Reliability of anthropometric measurements in the WHO Multicentre Growth Reference Study

Acta Paediatr Suppl. 2006 Apr;450:38-46. doi: 10.1111/j.1651-2227.2006.tb02374.x.


Aim: To describe how reliability assessment data in the WHO Multicentre Growth Reference Study (MGRS) were collected and analysed, and to present the results thereof.

Methods: There were two sources of anthropometric data (length, head and arm circumferences, triceps and subscapular skinfolds, and height) for these analyses. Data for constructing the WHO Child Growth Standards, collected in duplicate by observer pairs, were used to calculate inter-observer technical error of measurement (TEM) and the coefficient of reliability. The second source was the anthropometry standardization sessions conducted throughout the data collection period with the aim of identifying and correcting measurement problems. An anthropometry expert visited each site annually to participate in standardization sessions and provide remedial training as required. Inter- and intra-observer TEM, and average bias relative to the expert, were calculated for the standardization data.

Results: TEM estimates for teams compared well with the anthropometry expert. Overall, average bias was within acceptable limits of deviation from the expert, with head circumference having both lowest bias and lowest TEM. Teams tended to underestimate length, height and arm circumference, and to overestimate skinfold measurements. This was likely due to difficulties associated with keeping children fully stretched out and still for length/height measurements and in manipulating soft tissues for the other measurements. Intra- and inter-observer TEMs were comparable, and newborns, infants and older children were measured with equal reliability. The coefficient of reliability was above 95% for all measurements except skinfolds whose R coefficient was 75-93%.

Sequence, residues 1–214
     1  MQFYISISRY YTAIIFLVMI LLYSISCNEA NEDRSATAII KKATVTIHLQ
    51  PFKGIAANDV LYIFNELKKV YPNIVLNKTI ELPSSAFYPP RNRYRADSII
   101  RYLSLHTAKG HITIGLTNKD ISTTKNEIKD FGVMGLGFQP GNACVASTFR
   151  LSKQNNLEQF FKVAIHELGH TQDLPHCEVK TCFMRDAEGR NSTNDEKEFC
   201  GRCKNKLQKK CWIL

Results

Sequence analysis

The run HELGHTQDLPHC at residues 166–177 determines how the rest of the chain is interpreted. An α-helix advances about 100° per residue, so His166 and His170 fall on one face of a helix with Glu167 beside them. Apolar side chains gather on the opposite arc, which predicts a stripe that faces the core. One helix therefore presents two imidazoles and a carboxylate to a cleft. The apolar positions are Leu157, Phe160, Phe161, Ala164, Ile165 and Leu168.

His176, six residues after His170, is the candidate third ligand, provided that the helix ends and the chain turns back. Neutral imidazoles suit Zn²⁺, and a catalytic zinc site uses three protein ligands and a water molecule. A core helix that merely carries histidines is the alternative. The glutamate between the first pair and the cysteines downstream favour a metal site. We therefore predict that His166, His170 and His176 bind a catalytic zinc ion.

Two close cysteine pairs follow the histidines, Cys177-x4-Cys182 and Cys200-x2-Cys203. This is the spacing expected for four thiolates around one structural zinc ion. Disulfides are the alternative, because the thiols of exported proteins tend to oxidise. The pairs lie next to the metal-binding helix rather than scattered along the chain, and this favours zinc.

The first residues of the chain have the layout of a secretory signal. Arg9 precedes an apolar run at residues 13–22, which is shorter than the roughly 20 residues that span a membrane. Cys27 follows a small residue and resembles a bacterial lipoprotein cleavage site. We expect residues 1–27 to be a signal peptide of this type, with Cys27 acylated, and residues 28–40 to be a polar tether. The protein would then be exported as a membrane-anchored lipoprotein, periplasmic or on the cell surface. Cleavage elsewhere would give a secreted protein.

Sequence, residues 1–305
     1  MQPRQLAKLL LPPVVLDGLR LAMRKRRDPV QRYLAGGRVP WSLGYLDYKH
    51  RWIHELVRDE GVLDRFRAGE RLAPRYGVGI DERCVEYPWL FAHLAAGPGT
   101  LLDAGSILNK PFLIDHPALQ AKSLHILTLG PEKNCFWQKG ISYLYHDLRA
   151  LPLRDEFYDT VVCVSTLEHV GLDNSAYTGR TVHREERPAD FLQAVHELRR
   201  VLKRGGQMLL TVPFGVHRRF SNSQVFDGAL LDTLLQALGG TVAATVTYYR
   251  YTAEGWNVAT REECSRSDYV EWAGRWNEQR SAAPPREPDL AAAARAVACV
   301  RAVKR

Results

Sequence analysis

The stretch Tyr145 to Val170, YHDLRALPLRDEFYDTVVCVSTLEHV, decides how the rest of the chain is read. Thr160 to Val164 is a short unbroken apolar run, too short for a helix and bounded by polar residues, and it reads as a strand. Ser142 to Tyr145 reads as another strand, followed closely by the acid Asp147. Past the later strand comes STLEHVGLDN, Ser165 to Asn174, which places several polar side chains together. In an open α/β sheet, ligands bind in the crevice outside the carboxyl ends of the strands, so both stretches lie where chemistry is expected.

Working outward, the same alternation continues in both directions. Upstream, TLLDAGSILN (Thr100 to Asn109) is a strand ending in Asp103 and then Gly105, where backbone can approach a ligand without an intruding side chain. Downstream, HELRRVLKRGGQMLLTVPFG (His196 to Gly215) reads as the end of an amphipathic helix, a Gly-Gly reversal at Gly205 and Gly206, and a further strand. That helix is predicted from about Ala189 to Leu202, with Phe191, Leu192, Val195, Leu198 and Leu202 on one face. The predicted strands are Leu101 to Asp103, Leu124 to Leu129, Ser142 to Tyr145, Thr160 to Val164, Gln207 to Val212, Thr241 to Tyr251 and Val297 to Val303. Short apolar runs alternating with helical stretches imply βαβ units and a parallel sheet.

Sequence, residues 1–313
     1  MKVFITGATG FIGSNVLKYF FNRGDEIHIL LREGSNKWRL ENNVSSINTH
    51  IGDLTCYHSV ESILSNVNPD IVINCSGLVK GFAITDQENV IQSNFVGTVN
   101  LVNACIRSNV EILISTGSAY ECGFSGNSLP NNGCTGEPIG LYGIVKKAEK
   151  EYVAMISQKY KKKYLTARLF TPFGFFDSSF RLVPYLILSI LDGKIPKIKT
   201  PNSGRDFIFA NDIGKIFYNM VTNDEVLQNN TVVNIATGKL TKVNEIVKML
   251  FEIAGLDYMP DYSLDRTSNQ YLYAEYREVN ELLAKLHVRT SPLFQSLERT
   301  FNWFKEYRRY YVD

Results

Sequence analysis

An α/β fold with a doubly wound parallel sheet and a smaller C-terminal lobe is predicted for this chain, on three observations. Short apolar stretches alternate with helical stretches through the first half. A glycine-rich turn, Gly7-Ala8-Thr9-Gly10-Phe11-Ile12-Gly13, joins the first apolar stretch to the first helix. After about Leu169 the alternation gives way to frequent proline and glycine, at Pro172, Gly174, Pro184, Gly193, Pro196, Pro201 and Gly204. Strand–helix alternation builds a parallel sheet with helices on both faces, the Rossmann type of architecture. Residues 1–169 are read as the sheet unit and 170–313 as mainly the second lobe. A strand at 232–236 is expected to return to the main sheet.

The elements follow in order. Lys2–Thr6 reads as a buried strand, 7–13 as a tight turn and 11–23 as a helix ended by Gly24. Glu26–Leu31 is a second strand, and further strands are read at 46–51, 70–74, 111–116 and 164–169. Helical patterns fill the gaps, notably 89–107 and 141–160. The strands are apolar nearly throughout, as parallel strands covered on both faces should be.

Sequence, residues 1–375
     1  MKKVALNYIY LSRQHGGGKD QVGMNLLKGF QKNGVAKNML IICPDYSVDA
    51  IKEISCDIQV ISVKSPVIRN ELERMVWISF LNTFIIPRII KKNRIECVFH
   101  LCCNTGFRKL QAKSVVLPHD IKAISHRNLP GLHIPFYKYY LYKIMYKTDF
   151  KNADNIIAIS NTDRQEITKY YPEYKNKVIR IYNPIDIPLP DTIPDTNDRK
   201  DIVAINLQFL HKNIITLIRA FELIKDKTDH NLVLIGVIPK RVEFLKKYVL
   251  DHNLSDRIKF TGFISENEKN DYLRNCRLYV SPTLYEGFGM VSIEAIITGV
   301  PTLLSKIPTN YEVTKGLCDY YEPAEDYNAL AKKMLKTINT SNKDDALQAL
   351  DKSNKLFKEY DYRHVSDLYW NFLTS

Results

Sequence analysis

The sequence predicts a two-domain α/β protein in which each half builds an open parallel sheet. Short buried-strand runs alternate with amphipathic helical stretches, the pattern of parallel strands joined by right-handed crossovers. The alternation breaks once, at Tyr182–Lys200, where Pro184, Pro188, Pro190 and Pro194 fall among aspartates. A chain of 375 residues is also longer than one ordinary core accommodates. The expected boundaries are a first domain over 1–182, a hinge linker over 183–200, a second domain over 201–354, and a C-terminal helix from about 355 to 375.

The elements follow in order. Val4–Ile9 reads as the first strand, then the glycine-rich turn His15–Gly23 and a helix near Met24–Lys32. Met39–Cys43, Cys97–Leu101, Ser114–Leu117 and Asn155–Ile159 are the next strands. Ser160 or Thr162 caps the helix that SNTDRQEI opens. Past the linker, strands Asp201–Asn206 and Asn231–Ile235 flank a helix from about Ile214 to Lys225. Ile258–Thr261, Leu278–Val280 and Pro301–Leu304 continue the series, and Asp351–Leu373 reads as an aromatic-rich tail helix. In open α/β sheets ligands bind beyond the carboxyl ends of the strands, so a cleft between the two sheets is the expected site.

Conclusion: Reliability of the MGRS teams compared well with the study's anthropometry expert and published reliability statistics.

MeSH terms

  • Anthropometry*
  • Child Development*
  • Humans
  • Infant
  • Infant, Newborn
  • Multicenter Studies as Topic
  • Reference Values
  • Reproducibility of Results
  • Skinfold Thickness
  • World Health Organization